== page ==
Film review: Style and substance combine forcefully in Ida

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Agata Trzebuchowska delivers a strong performance in the powerful story of Ida, a woman searching the past for details of her true identity. Publicity photo Agata Trzebuchowska delivers a strong performance in the powerful story of Ida, a woman searching the past for details of her true identity. Publicity photo

The most beguiling thing about Pawel Pawlikowski’s Ida is its look. Its cinematography, by Ryszard Lenczewksi and Lukasz Zal, is so beautiful that it’s easy to forget you’re watching a challenging drama about faith, love, loss, and the ravages of war on identity.

Each shot is so artfully composed, in fact, that the photographic artistry at times threatens to eclipse what is otherwise an emotional journey. So many times Anna (Agata Trzebuchowska) sits, her head centered in the lower third of the frame, an enormous window (or wall or door or cross) rounding out the top two-thirds, that it’s easy to get lost in the expanse of the background.

That’s a long way of saying Ida will have an effect on its viewers, though what effect will be entirely subjective—even more than most movies. I was moved more by its style, the way the characters are often dwarfed by their surroundings, and how the sun never seems to shine in the section of Poland where Ida takes place.

Maybe that’s part of Ida’s purpose, to show us how bleak and unknowable everything is. Its characters’ lives are overshadowed by World War II—Ida takes place in the early 1960s—communism, and it seems no one cares about the horrors perpetrated on them in the 1940s.

Those horrors are past but ever-present: namely, the lingering and horrible ramifications of the Holocaust. Anna is young, perhaps 20 years old, and weeks away from taking her vows and becoming a nun. She’s summoned to the city by her only surviving relative, an aunt named Wanda Gruz (Agata Kulesza, who should be nominated for every award), a judge and former prosecutor. Wanda is filled with regret, and decides she must let Anna, an orphan, know exactly whom she is.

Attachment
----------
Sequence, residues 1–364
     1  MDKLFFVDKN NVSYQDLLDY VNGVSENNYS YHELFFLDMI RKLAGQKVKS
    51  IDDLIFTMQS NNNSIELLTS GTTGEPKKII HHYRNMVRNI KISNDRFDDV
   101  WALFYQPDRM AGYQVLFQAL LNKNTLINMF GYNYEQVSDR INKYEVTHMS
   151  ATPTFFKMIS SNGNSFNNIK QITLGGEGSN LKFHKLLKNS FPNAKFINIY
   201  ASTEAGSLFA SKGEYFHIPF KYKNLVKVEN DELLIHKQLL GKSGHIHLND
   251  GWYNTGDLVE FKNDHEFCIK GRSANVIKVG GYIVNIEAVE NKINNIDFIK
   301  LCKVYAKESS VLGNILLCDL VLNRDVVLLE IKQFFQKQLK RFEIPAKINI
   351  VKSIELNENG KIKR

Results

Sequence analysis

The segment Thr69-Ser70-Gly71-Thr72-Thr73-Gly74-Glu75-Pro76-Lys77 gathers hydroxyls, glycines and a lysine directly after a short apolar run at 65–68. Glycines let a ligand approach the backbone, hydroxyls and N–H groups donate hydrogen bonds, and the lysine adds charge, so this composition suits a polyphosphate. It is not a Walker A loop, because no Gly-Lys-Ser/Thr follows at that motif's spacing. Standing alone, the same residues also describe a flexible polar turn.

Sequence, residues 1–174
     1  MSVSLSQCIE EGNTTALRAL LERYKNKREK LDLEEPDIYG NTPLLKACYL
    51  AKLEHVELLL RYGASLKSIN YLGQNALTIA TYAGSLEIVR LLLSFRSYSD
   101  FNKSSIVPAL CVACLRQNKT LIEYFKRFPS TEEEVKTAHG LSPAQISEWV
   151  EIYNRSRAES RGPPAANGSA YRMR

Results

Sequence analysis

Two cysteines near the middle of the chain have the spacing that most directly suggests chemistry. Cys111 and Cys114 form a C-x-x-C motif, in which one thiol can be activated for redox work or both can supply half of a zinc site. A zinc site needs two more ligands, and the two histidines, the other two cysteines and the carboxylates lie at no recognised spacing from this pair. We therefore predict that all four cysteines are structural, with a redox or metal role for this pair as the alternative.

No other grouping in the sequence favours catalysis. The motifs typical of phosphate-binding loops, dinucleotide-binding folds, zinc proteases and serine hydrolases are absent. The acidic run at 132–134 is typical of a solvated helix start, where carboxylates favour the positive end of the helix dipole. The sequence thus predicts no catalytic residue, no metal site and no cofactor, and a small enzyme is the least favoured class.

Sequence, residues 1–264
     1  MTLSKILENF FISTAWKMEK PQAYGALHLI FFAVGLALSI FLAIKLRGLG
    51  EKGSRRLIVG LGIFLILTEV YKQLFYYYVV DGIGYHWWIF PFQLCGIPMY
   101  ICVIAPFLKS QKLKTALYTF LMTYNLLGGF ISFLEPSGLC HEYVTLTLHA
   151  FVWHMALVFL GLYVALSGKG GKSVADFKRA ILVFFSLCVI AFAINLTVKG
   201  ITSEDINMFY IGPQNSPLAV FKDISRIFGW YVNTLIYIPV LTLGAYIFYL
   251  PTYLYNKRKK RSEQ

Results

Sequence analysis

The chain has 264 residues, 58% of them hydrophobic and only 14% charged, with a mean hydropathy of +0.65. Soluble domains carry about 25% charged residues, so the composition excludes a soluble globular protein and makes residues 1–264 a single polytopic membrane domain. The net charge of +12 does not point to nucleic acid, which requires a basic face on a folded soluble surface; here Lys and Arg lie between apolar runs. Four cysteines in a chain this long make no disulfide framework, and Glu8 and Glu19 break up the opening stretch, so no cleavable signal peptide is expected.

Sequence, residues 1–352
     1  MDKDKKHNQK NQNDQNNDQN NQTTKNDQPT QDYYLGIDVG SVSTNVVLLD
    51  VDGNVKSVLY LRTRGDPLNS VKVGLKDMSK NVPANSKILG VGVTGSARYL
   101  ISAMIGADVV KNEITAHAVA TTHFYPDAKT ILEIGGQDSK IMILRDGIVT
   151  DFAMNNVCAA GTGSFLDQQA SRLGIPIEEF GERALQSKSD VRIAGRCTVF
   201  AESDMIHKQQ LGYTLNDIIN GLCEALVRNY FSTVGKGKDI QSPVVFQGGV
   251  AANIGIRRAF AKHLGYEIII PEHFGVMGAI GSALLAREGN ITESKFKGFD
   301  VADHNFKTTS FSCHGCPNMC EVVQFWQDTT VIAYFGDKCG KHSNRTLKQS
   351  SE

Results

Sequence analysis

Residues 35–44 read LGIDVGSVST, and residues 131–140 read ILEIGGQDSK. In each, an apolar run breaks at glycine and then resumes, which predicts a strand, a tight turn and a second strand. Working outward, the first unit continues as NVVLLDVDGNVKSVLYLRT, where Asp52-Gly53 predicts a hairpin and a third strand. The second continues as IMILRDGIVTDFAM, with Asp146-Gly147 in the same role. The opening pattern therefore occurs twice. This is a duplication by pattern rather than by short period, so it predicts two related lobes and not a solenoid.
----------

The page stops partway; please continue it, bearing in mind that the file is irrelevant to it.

Anna’s parents were Jews who were killed during the war. Anna’s real name is Ida, and there’s a family farm where Wanda wants to take her to learn her real family history.

One of the strengths of Ida is Kulesza, and the other is Trzebuchowska, who makes the choice to play Anna as largely passive and composed. Where Wanda smokes and drinks and gets into trouble, Anna quietly takes in her surroundings and observes.

The aesthetic refinements of Ida, ultimately, do get in the way of the story, though there is something refreshing about a camera that doesn’t move much, and lets its characters have space. There’s also a matter-of-factness to the drama, and Pawlikowski wisely lets things play out quickly, never letting a scene linger when it should end (perhaps that’s why Ida is 82 minutes long).

In the movie’s final half-hour, Anna is faced with many choices, most of them stemming from existential questions—live as a Jew? Live as a Catholic? Choose something different?—and there are no answers, at least not by the time the credits roll. Ida is a markedly different movie in a summer full of schlock, and the perfect antidote to mindless entertainment. There’s plenty of thinking to do during its brief run time and after its conclusion.

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